Being aware of our internal signals is the core of Focusing. It’s also the key to handling our difficult emotions or just feeling better. Usually, to sense our felt wisdom inside requires a slower pace than we can find in our hectic lives. Using the Focusing steps and having a partner teaches us to slow down. But I have learned a useful, quick way to do it.
The simplest way is to use Mary Hendricks-Gendlin’s marvelous ‘Pause’. I pause, for about the length of one breath, to sense what is happening inside and how I feel. During this pause, my attention goes to my inmost place so I can sense my body’s understanding of a situation, which gives me greater wisdom than my thoughts alone.
When teaching Focusing to a group, I always start with the exercise of finding an inner Calm Place, which they can access in their imagination. And I use the Calm Place all the time in my life. Before teaching, before an encounter, or even before leaving my room in the morning, I check inside. I say “hello” to any feelings or ‘guests.’ Then I go to my Calm Place. Before responding to other people, I use the marvelous pause and take a deep breath. In Liberia, I was seen as a calm, dignified person. “Really?” I’d think, because that’s not how I see myself. But that’s how I came across.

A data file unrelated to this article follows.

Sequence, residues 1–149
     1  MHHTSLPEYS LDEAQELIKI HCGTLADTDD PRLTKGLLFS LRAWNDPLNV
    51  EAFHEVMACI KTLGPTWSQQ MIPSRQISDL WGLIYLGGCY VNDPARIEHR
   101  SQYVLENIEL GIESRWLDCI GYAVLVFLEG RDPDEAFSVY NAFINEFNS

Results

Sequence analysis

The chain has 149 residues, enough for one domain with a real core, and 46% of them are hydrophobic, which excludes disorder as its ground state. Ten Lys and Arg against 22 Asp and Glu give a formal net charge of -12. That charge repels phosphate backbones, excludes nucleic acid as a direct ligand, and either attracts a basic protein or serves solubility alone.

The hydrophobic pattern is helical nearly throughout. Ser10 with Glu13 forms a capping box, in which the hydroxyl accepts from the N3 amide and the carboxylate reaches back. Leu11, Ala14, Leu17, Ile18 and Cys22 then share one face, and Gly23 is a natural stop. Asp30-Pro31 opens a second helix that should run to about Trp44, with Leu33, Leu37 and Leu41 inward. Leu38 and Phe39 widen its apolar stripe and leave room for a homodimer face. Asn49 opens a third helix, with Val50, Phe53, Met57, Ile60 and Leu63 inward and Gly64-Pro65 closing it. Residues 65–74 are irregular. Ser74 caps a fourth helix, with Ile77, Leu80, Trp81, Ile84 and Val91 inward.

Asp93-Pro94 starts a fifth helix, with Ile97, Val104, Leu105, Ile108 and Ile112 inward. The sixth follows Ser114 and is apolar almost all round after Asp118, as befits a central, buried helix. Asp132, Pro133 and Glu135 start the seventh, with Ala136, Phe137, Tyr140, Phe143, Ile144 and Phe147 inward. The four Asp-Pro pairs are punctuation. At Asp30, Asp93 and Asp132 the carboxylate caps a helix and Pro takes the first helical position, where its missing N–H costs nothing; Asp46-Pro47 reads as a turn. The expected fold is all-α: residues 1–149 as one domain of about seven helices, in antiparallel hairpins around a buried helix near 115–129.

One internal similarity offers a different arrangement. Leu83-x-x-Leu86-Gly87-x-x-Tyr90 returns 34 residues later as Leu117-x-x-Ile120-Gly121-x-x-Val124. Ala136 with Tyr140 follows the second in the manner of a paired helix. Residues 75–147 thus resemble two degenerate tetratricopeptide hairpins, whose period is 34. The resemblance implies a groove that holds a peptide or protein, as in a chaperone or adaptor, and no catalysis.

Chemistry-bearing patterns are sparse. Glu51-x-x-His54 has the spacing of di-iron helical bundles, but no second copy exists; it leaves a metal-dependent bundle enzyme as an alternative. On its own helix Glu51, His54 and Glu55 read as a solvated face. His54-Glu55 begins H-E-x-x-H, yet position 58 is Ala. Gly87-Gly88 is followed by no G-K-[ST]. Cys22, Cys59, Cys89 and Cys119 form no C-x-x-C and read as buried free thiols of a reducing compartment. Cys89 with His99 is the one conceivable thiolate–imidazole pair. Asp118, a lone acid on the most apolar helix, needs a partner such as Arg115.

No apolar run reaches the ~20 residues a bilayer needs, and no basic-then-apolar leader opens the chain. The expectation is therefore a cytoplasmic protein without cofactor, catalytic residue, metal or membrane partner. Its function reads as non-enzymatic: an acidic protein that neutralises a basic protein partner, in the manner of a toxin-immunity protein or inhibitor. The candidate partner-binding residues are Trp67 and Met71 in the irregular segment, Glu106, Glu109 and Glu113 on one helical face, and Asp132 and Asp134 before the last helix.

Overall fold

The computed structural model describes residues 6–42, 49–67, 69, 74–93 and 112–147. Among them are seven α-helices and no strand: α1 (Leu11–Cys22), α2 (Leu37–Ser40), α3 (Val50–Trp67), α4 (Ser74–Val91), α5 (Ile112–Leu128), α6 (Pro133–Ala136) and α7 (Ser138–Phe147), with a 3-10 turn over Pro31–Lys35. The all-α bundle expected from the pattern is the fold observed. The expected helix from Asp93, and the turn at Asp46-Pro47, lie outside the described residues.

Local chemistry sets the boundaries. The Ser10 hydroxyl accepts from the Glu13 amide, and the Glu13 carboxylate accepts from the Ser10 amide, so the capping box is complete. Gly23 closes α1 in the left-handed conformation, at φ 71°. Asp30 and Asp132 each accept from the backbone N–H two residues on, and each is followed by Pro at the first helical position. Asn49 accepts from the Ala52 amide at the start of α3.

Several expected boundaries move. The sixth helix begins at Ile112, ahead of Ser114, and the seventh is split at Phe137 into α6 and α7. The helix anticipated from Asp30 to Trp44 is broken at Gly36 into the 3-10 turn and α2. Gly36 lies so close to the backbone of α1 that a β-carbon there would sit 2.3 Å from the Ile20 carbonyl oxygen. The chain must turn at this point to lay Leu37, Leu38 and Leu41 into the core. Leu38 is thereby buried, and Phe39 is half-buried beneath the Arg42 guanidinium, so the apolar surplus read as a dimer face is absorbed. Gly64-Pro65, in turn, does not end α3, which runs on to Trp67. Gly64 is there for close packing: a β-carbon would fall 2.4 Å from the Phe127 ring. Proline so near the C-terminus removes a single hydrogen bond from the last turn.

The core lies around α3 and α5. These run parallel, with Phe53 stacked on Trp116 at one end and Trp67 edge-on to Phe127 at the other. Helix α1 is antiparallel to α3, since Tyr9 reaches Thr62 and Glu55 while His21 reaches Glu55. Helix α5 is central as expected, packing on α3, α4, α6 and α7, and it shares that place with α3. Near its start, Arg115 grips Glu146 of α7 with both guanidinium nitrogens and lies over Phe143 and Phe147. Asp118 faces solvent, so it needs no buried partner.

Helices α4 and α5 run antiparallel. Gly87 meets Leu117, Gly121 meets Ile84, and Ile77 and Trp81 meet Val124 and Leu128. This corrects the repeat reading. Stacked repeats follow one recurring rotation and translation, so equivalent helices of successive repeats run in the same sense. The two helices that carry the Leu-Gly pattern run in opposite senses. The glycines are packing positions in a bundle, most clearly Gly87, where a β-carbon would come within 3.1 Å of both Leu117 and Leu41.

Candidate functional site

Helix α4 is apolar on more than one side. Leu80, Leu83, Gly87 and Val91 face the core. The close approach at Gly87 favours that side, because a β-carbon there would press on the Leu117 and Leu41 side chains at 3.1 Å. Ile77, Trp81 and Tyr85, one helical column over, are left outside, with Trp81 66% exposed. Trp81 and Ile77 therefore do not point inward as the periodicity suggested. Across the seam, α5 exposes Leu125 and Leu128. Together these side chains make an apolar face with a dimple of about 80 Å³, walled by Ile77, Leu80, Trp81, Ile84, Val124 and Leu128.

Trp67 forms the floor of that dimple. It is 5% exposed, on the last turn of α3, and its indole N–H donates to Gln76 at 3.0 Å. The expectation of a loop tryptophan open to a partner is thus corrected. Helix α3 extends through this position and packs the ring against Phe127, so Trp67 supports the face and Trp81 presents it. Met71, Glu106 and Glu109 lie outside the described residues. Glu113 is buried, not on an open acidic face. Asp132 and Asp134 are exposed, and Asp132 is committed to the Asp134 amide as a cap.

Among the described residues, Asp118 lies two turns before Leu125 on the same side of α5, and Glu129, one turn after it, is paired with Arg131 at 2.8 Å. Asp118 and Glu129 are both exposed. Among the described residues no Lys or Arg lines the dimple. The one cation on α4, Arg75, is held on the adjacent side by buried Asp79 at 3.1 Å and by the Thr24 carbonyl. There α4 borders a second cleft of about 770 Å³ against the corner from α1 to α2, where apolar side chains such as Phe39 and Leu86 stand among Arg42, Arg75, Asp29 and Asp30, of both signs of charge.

Perhaps my main contribution in Liberia was helping the morale of the local staff. They didn’t have time to learn Focusing or to have a full session. So I’d stop by their office and offer a mini-session. “Close your eyes for a moment,” I’d say. “Follow your breath.” Or I’d say, “Imagine a place where you’d like to be. Now close your eyes and go there.” This is the way I helped the staff cope with the pressures of the Ebola crisis.